Books of September

I don’t know if it’s just imagination induced because Halloween goods and pumpkin spice everything are in every store or if I actually feel a difference in the air. I’ve noticed a change that feels suspiciously like fall.

September reading has been slow. I feel like I haven’t finished a single thing.

I’ve been listening to the audio book for The Only Plane in the Sky by Garrett M. Graff. It’s noted accounts from the differing perspectives of people on 9/11. It’s incredibly sad, but also a learning experience. Hearing first hand what people saw, heard, and felt can be a bit unnerving. The point of views range from students from a near by school in New York to air traffic controllers who first realized the planes were hijacked to those at Ground Zero. What really has me intrigued are the thoughts of the Air Force pilots given the harrowing task of bringing down Flight 93. It was essentially their own suicide mission to save others on the ground.  Those brave pilots took to the skies that day willing to do anything to prevent another attack. In the end, the heroes on Flight 93 lost their lives trying to reclaim the plane from the hijackers but saved countless others. It has a full cast of narrators that do a great job. I recommend the audio book because I think it might be hard to follow otherwise. It’s really a stunning book.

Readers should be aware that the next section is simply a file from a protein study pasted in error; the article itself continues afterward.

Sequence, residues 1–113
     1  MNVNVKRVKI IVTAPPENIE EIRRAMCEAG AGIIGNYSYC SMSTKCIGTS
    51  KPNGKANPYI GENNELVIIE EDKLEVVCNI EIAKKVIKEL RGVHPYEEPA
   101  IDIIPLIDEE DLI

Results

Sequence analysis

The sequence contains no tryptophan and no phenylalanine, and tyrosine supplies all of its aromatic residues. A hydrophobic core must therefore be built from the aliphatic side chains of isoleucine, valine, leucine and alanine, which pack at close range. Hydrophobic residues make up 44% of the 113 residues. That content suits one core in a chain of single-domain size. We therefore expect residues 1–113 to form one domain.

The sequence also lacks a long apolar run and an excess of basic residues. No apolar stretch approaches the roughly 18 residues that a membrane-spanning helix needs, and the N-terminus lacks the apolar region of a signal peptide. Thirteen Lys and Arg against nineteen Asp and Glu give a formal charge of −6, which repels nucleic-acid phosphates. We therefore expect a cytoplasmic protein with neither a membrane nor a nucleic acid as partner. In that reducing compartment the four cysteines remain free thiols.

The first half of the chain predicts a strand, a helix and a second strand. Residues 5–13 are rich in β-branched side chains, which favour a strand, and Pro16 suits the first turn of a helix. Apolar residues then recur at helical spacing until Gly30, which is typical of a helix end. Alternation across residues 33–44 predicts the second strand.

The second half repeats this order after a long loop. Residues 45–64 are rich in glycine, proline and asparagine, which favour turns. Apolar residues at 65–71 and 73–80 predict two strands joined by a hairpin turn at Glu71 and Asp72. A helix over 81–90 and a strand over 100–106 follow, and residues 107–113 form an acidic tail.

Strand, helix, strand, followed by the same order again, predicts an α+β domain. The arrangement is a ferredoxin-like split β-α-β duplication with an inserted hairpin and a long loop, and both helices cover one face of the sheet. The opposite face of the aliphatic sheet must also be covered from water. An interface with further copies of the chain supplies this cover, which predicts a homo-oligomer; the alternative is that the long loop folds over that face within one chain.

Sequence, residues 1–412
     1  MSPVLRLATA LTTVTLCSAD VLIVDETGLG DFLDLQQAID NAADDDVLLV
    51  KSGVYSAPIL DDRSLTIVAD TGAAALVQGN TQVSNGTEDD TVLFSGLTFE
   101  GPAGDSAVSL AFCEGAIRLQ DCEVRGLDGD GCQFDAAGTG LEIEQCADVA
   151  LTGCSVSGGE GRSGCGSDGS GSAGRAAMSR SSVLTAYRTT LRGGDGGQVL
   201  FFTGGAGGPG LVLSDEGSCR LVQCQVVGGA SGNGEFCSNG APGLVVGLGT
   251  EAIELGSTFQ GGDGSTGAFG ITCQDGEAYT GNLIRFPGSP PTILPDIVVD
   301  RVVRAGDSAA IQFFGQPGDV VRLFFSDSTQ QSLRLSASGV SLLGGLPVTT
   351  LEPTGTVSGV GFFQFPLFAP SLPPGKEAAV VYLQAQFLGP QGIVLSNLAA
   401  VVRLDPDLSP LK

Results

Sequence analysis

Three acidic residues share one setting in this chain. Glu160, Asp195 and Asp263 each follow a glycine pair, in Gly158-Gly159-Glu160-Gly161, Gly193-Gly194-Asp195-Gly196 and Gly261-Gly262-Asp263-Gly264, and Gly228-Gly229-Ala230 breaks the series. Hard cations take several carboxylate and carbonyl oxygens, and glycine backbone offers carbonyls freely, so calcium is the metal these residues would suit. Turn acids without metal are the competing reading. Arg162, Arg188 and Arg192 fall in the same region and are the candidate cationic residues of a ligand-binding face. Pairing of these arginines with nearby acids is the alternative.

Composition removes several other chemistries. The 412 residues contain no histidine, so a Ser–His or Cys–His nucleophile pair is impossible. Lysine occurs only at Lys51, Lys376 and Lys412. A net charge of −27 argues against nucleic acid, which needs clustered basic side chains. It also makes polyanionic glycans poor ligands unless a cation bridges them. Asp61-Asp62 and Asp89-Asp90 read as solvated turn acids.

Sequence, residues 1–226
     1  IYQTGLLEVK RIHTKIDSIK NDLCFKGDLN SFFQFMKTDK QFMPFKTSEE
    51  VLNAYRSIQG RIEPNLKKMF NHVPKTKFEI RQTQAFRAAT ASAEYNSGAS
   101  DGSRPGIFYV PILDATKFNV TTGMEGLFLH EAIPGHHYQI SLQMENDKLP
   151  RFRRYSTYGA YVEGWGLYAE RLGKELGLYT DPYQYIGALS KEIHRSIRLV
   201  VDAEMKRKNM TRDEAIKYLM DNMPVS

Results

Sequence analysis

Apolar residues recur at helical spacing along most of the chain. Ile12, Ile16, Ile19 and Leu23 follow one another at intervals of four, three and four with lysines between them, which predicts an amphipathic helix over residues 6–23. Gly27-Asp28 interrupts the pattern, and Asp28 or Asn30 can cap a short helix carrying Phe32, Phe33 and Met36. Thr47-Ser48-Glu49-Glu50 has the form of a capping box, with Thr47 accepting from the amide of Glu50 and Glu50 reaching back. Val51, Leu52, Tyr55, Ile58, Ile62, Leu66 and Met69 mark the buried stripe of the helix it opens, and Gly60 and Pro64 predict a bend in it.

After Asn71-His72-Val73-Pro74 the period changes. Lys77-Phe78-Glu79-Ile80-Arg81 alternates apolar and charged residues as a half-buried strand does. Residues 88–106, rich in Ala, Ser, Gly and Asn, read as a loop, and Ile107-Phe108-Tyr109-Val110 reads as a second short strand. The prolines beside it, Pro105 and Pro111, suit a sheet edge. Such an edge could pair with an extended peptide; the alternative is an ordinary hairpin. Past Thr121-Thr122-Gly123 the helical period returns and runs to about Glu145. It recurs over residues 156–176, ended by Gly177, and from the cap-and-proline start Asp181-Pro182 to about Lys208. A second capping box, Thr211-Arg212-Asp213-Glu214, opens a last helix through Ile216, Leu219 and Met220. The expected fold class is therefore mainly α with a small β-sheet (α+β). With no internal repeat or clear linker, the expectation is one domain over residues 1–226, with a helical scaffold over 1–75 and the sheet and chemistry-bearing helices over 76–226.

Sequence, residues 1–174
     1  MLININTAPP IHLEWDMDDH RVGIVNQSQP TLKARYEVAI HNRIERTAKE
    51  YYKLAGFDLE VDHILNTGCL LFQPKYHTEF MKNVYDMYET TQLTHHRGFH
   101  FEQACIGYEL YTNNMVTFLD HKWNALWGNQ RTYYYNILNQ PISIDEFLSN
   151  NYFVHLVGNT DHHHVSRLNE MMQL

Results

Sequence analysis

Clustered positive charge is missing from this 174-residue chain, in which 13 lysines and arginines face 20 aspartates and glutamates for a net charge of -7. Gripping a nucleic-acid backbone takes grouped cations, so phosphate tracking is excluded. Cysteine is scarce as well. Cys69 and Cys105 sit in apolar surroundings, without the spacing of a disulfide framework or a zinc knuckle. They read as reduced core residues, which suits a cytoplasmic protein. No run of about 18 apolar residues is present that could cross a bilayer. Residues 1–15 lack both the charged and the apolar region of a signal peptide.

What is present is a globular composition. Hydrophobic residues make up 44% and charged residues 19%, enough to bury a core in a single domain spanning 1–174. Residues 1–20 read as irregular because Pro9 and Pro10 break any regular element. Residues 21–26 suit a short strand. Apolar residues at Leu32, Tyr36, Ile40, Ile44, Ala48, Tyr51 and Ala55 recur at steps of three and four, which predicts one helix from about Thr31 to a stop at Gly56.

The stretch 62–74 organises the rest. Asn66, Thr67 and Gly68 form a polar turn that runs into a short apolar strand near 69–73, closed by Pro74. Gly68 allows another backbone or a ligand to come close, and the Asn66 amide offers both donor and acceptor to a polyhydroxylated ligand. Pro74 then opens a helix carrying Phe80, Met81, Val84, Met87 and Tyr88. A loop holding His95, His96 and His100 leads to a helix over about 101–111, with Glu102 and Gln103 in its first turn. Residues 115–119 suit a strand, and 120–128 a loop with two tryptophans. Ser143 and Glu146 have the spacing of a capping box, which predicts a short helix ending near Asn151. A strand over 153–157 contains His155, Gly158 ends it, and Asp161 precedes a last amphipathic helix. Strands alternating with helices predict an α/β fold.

When The Only Plane in the Sky gets to be too much, and I have to take a breather, I’ve also been listening to What the Wind Knows by Amy Harmon. It’s historical fiction with a bit of time travel and romance set in Ireland. Visiting Ireland is at the top of my bucket list so selecting this one was easy. There are a lot of quotes by the poet Yeats. I’d forgotten how much I’d loved his words. The writer herself has no shortage of lovely lines in this book.  The narrators compliment each other, and I love the accents.

I’m also still reading The Opposite of Everyone by Joshilyn Jackson. Time has been an issue lately. It seems like life is picking back up after a lazy summer.

Our latest bookclub pick is Dumplin’ by Julie Murphy. I’m excited about this one. I watched the movie on Netflix before I even knew there was a book.

I have a few other prospects on my radar. As always, I love recommendations.

Happy reading, folks.

 

Where Were You?

Every year on the anniversary of the worst act of terrorism our country has ever seen, possibly thousands of people answer the question, “Where were you?”

Where were you when life for an entire nation changed so drastically on what seemed to be an ordinary Tuesday morning?

I woke up that beautiful morning, had breakfast, and got on the school bus. I imagine I chatted with my friends on the bus and then at school. I imagine people in New York, Pennsylvania, and Virginia did much the same; got up, talked to loved ones, commuted, started their day.